UK goes tough for EU trade talks

Foreign Desk Report

LONDON: Britain laid out a tough opening stance for future talks with the European Union on Sunday, saying it would set its own agenda rather than meeting the bloc’s rules to ensure frictionless trade.
After officially leaving the EU on Friday, Britain now must negotiate future trade relations with the bloc, to take effect when a standstill transition period expires at the end of the year.
Prime Minister Boris Johnson’s government has been quick to send Brussels a message before trade talks begin in March: Brexit, for him, means sovereignty trumps the economy.
The EU has repeatedly told Britain the level of access to its lucrative single market will depend on how far London agrees to adhere to a “level playing field” shorthand for rules on environmental standards, labor regulations and state aid.
But despite the appeals of many businesses for the government to ensure goods can trade across borders freely, ministers have been briefing companies that they should adjust to a new future when Britain will not adhere to EU rules.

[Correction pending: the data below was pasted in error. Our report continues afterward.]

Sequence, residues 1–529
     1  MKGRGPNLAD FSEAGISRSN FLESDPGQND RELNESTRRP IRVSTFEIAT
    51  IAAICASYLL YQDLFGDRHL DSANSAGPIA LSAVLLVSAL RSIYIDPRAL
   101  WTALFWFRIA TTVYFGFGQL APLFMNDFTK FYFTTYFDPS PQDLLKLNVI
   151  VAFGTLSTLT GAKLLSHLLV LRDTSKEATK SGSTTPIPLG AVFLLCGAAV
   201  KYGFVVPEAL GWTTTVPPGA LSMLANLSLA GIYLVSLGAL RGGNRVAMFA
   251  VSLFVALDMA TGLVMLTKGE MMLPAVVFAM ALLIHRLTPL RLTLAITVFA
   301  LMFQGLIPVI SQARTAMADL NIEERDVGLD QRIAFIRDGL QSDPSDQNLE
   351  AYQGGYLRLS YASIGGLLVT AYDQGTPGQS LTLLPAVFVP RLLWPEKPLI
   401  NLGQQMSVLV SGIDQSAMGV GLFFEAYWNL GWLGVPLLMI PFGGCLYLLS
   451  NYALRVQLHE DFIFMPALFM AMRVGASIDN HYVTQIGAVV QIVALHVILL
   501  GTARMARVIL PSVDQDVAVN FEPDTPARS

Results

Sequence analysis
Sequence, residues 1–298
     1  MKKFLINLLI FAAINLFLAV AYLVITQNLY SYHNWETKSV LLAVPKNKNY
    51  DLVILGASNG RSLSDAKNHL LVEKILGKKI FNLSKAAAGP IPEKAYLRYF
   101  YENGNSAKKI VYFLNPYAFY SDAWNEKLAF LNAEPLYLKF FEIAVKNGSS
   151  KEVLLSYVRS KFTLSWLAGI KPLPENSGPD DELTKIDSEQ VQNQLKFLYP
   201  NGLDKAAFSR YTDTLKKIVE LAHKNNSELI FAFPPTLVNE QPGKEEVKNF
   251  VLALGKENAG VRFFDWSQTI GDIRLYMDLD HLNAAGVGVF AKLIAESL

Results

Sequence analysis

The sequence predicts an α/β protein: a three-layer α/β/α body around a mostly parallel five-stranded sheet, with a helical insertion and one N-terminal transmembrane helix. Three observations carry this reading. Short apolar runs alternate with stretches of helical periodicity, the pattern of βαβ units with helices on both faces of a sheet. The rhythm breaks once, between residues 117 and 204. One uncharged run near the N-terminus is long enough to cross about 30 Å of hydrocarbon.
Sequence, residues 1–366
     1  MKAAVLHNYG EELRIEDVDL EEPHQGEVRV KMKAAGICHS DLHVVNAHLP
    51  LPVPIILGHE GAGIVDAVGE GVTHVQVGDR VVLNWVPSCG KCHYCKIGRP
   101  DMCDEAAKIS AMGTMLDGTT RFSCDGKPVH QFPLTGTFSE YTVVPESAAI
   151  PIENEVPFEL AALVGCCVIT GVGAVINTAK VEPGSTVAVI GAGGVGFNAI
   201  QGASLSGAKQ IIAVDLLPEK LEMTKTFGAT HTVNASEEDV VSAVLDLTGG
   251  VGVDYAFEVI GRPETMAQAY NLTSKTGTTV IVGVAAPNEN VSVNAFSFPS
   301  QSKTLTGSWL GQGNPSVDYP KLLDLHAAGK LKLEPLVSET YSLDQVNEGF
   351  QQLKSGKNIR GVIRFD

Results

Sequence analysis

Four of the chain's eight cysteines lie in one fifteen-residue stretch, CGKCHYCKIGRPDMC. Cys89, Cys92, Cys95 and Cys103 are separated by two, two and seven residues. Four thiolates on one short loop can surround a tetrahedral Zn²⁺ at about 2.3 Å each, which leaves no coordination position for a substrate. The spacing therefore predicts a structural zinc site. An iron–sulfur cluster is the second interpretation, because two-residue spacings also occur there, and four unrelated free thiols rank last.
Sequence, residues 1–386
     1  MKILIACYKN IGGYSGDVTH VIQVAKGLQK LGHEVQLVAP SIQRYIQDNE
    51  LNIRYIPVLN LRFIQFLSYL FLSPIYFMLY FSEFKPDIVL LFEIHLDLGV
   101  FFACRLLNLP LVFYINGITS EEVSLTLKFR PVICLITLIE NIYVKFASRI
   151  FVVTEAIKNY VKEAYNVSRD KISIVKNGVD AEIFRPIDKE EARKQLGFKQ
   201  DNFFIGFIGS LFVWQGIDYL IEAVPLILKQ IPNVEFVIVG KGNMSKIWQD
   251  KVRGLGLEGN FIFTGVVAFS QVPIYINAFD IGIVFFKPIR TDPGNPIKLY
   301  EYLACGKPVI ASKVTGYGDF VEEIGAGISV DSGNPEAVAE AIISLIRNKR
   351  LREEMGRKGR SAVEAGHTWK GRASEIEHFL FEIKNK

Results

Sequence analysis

Johnson, according to sources close to him, has taken last year’s election, which handed him a large majority in parliament, as approval for his policy of putting Britain’s right to set its own rules above the demands of businesses. He will outline that approach in a speech on Monday.
“We are taking back control of our laws, so we are not going to have high alignment with the EU, legislative alignment with their rules,” foreign minister Dominic Raab told Sky News. “But we’ll want to cooperate and we expect the EU to follow through on their commitment to a Canada-style free trade agreement.”
After more than three years of often tortuous talks, Johnson wants to draw a line under what has been an angry debate that has deepened divides across the country. His aim is a trade deal allowing for tariff- and quota-free trade in goods, similar to the terms the bloc now has in place with Canada.
Asked whether the government expected businesses to have to prepare for new checks on goods at the border, Raab said: “The agreement that we made with the EU was to avoid all of that, and I am sure they will want to live up to the undertakings they have made just as we’d expect to do the same.”